Literacy Network

The School of Education hosts a number of staff who research and teach on the topic of literacy and language development, and education. 

About us

The School of Education hosts the Literacy Research Network, which brings together staff from the School of Education and elsewhere in the University of Birmingham who research and teach on the topic of literacy and language development, and education. We welcome anyone with an interest in any aspect of literacy, broadly defined, and provide a forum to share ideas, research findings and discuss implications. Members interests include psychological research examining the cognitive skills and processes that are used during reading and writing, attitudes and motivational factors that influence literacy engagement, pedagogical research to establish best practice in teaching, learning and assessment, linguistic research exploring the role of text, and socio-cultural research on the role of literacy in educational contexts and beyond.


People from the School of Education and elsewhere are welcome to join the network; please contact

A teacher assiting a young girl with her reading in the classroomTeaching

Members of the literacy research network supervise postgraduate researchers working on a range of issues related to literacy and education. We are keen to hear from prospective students who wish to propose projects in this theme.

Our research on literacy also informs our teaching on the following programmes:


Follow the links to our individual staff profiles to see further detail of past and current research projects and recent publications. Below are just a few examples of ongoing and recent projects from our group: 

Understanding teacher confidence in supporting literacy

On this project we want to understand teacher confidence in approaches to support pupils with the range of literacy related skills that need to be secure for pupils to read, spell and write well. We want to hear from teachers in all phases of compulsory education to understand the approaches to literacy education they find helpful and where they would like more guidance. If you are currently a teacher in the UK, you can currently take part in an online survey to share your views. This project is a collaboration between Dr Helen Breadmore, Dr Nicola Smith, Dr Beth Marley, Dr Catherine Darnell and Dr Ya-Ling Hsiao, who you can contact to find out more. 

Enhancing Young Children’s Learning from Stories: The Influence of Anthropomorphism and Teacher Intervention on Moral Theme Comprehension and Behaviour.

This study aims to advance understanding and enhance practice through investigating the potential mediating influence of teacher pedagogy on any positive or negative influence observed by the presence of anthropomorphism in picture books. Given the prominence of, and emphasis placed on, picture books in early years foundation stage settings and primary schools, the findings will be of significant interest to teachers and academics aiming to enhance children’s learning. This project is funded by the British Academy’s BA/Leverhulme Small Research Grants Programme. To find out more about this research, including opportunities for children in Reception and Year 1 to participate in ongoing research, please get in touch with Dr Paul Watts or Dr Catherine Darnell.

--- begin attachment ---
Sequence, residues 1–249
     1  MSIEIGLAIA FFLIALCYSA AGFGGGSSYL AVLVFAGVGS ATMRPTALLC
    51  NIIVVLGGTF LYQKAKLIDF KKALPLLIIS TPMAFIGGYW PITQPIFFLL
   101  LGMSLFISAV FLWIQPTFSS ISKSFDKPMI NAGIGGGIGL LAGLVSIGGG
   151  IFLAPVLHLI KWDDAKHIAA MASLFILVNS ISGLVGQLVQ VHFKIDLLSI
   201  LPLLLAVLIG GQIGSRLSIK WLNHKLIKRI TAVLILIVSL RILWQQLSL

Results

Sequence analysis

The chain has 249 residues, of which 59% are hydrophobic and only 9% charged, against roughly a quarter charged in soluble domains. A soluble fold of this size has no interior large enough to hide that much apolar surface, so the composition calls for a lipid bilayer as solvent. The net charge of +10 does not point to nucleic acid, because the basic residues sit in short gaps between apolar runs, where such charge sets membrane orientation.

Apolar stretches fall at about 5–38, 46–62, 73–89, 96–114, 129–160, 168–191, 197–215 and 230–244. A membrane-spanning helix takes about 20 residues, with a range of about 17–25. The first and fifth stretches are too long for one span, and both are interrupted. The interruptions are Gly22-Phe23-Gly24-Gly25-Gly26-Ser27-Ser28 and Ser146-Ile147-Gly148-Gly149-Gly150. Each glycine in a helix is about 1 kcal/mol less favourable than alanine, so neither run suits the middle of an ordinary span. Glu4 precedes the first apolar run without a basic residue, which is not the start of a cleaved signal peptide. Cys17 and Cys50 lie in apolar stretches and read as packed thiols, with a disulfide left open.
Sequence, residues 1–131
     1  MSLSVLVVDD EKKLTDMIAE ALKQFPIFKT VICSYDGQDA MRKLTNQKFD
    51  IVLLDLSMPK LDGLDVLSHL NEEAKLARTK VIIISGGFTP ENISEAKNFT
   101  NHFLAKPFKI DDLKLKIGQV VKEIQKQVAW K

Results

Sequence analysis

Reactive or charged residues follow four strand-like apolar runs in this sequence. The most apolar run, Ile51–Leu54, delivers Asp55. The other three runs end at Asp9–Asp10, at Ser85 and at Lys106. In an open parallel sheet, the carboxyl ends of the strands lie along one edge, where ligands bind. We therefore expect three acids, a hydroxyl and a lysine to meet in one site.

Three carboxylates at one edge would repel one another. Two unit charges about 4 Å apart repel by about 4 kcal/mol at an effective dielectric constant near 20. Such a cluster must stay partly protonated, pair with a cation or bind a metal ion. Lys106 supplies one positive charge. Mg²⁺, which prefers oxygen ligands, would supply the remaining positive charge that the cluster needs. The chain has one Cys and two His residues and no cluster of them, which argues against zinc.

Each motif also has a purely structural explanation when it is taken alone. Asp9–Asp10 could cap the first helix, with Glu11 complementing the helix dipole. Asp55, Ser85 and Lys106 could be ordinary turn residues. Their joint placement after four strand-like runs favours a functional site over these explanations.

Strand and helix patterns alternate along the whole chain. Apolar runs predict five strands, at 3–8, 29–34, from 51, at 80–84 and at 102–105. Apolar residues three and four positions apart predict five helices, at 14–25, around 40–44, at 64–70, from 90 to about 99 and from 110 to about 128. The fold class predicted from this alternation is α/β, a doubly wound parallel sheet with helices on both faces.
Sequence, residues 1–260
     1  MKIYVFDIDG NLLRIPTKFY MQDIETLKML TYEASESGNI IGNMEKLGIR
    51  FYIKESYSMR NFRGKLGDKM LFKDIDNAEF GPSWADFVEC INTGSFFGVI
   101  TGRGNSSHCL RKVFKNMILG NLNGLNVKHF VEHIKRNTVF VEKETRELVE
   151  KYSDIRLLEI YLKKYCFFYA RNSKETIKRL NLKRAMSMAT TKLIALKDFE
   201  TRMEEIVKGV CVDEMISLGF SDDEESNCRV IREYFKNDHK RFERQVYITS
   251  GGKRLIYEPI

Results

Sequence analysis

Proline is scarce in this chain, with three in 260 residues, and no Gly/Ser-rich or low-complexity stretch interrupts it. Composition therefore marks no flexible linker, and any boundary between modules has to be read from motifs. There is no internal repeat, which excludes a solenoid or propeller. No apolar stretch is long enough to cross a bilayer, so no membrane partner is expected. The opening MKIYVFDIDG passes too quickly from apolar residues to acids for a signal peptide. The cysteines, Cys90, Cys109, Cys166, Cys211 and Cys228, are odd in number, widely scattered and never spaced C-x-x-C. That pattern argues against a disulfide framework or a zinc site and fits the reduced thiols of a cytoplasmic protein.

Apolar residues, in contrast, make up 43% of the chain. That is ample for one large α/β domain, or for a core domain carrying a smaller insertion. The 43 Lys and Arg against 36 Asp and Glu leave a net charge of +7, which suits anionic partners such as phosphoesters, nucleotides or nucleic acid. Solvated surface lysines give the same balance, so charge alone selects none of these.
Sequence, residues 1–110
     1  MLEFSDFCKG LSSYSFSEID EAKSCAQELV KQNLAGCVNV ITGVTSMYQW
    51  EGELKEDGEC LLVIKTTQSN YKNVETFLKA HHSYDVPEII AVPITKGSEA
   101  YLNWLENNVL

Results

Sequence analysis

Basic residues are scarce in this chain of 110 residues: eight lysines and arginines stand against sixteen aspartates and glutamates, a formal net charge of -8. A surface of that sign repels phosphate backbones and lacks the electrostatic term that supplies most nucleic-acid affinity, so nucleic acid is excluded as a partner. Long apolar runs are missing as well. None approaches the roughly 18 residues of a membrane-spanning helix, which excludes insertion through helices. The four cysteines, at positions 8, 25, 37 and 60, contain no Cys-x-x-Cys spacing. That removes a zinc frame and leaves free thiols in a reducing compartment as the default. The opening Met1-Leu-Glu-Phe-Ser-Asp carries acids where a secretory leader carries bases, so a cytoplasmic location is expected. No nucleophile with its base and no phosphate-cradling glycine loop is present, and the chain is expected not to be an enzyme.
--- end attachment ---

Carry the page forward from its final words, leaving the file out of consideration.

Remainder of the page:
Peer Assisted Learning Strategies for Reading (PALS-UK)

Peer Assisted Learning Strategies UK (PALS-UK) is a whole-class, structured paired-reading intervention which aims to improve pupils’ reading comprehension, oral reading fluency and overall reading attainment. Pupils take it in turns to act as coach and reader, and take part in four activities: partner reading, re-tell, paragraph shrinking and prediction relay. The programme was originally developed by Prof Doug and Lynn Fuchs (Vanderbilt University). Dr Helen Breadmore collaborates with Dr Emma Vardy (Nottingham Trent University) and Prof Kristen McMaster (University of Minnesota) to develop this programme for the UK context and understand its impact. The most recent part of the project was a two-arm stratified cluster randomised controlled efficacy trial with Year 5 classes from 114 schools. That project was funded by an Education Endowment Foundation Accelerator Fund and independently evaluated by a team from Manchester Metropolitan University.

Equality, Diversity and Inclusion through Children’s Literature in Higher Education  

This project explored how students’ subject knowledge and self-reflective practice can be supported by raising the profile of diverse literature. Responding to research which highlights representation within children’s literature (Crisp et al, 2016; CLPE, 2020; National Literacy Trust, 2020) we focused on developing independent critical thinkers and subject experts by expanding the selection of diverse children’s literature available to University of Birmingham students, including those training to be teachers. Preparing students for diversity and equity in society has been identified as crucial, particularly within teacher education (Cochran-Smith and Villegas, 2015; Hartsfield, 2021). This project was a collaboration between Kalsoom Akhtar, Beth Marley, Catherine O'Leary and Emily Wingfield.


We host seminars and lively discussion led by our members and invited speakers about once a month.

Contact to join our network and to find out about forthcoming events.